The importance of ALR deficiency in steatohepatitis is exemplified by lower hepatic ALR in human alcohol-related cirrhosis and the occurrence of alcohol-induced cirrhosis within 4 weeks in mice fed the Lieber de Carli diet (while WT mice fed the same diet showed only modest steatosis at the same timepoint).
Like humans, most animal models are resistant to more aggressive ALD, and steatosis is readily reversed upon termination of alcohol ingestion. The Lieber Di Carli liquid alcohol diet, which has been used extensively to study ALD in mice, caused steatosis in control mice, but promoted aggressive liver disease leading to cirrhosis, accompanied by reduced expression of alcohol dehydrogenases-1 and aldehyde dehydrogenases-1, in ALR-deficient mice.
There was also significant mitochondrial damage and iron accumulation (lower glutaredoxin-5 and hepcidin expression) in alcohol-fed ALR-deficient mice. The clinical significance of these findings is indicated by significantly lower hepatic ALR expression in patients with alcohol-related cirrhosis.
However, Alr-H-KO mice already have underlying modest oxidative stress, inflammation and fibrosis that are accelerated/augmented by alcohol, as demonstrated by further increases in oxidative stress, robust lipid peroxidation and mtDNA damage. Such underlying conditions in humans are likely a prerequisite for aggressive ALD. ALR was also shown to protect mice from alcohol-induced acute liver injury by promoting autophagy through repression of mTOR (mammalian target of rapamycin).
ALR deficiency or dysfunction may be an important risk factor for NASH.
Conclusions and future prospects
Despite being an evolutionally conserved fundamental life protein with varied functions, understanding of the role of ALR in physiology and pathophysiology has been inadequate. ALR is critically important for mitochondrial biogenesis, protein folding (Mia40-sulfhydryl relay system), and respiratory chain activity, disruption of which is implicated in the pathogenesis and progression of both NAFLD and ALD. In vivo and in vitro studies of ALR-knockdown and hepatocyte-specific ALR deficiency have provided crucial evidence of ALR’s role in lipid homeostasis and in promoting the expression of several genes, including those involved in alcohol and iron metabolism. The clinical significance of ALR in NASH and ASH is inferred from its lower hepatic concentration in human NASH- and ASH-cirrhosis. Because of its lack of a DNA-binding sequence, ALR may not be directly involved in gene transcription but may act as a promoter or suppressor of certain transcription factors. In this regard, ALR immunoprecipitates with TFAM (unpublished observation), and deficiency of ALR downregulates TFAM expression. Several pathogenic single nucleotide polymorphisms are found to cause severe mitochondrial damage and progressive multiorgan disease in humans. Liver biopsy of 1 patient with mutations in both ALR alleles showed hepatic mitochondrial damage and fibrosis. Thus, humans with heterozygous mutations in the ALR gene could be predisposed to chronic liver diseases such as NASH and ASH. Future investigations to further delineate mechanisms by which ALR deficiency or dysfunction promotes NAFLD or ALD progression will be important.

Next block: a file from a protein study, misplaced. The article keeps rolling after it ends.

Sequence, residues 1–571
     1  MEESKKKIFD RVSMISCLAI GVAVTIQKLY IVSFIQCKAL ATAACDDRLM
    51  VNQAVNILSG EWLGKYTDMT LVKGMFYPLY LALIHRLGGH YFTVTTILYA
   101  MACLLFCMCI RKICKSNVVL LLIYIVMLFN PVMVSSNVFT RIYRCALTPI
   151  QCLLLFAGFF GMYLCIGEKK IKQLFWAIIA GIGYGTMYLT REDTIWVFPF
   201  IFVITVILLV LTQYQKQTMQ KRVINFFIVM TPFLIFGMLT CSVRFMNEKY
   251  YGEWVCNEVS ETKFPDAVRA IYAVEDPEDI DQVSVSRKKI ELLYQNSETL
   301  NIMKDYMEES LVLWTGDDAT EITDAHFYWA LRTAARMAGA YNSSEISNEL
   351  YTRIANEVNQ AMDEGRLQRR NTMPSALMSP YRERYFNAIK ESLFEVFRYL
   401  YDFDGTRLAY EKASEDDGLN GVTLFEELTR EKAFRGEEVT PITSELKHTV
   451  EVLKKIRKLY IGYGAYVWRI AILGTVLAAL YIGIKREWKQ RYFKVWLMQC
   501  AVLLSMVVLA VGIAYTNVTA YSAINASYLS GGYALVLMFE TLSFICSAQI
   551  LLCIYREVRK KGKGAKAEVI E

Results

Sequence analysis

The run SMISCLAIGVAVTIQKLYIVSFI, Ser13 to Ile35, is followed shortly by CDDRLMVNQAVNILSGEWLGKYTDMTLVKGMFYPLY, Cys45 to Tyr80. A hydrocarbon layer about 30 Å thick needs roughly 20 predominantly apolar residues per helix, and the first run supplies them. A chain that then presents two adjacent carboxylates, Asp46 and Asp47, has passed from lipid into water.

ACACA, acetyl-CoA carboxylase alpha; ACOX1, acyl-CoA oxidase 1; ALD, alcohol-related liver disease; ALR, augmenter of liver regeneration; CCl4, carbon tetrachloride; C/EBPβ, CCAAT/enhancer binding proteins; CPT1a, carnitine palmitoyl transferase I a; Egr-1, Early growth response protein-1; ERV1, essential for respiration and vegetative growth-1; ESLD, end-stage liver disease; FAD, flavin adenine dinucleotide; FASN, fatty acid synthase; FoxA2, forkhead box A2; HCC, hepatocellular carcinoma; HF/HC, high-fat high carbohydrate; HNF4α, hepatocyte nuclear factor 4 alpha; l-ALR, long form ALR; IMS, intermembrane space; JAB1, Jun activation domain-binding protein 1; Mia40, mitochondrial IMS import and assembly protein 40 kDa; miRNA, microRNA; mtDNA, mitochondrial DNA; NAFL, non-alcoholic fatty liver; NAFLD, non-alcoholic fatty liver disease; NASH, non-alcoholic steatohepatitis; NRF2, nuclear factor erythroid 2-related factor 2; nt, nucleotide; PGC-1α, peroxisome proliferator-activated receptor γ coactivator 1-alpha; PMP70, peroxisomal membrane protein 70; PPARα, peroxisome proliferator-activated receptor alpha; rALR, recombinant ALR; ROS, reactive oxygen species; s-ALR, short form ALR, scERV1, Saccharomyces cerevisiae essential for respiration and vegetative growth-1; SHP, small heterodimer partner; SREBP, sterol regulatory element-binding protein; TFAM, mitochondrial transcription factor A.
Department of Defense grant #W81XWH2010477 .
All authors contributed to the writing of this manuscript.
Conflict of interest
The authors declare no conflicts of interest that pertain to this work.
Please refer to the accompanying ICMJE disclosure forms for further details.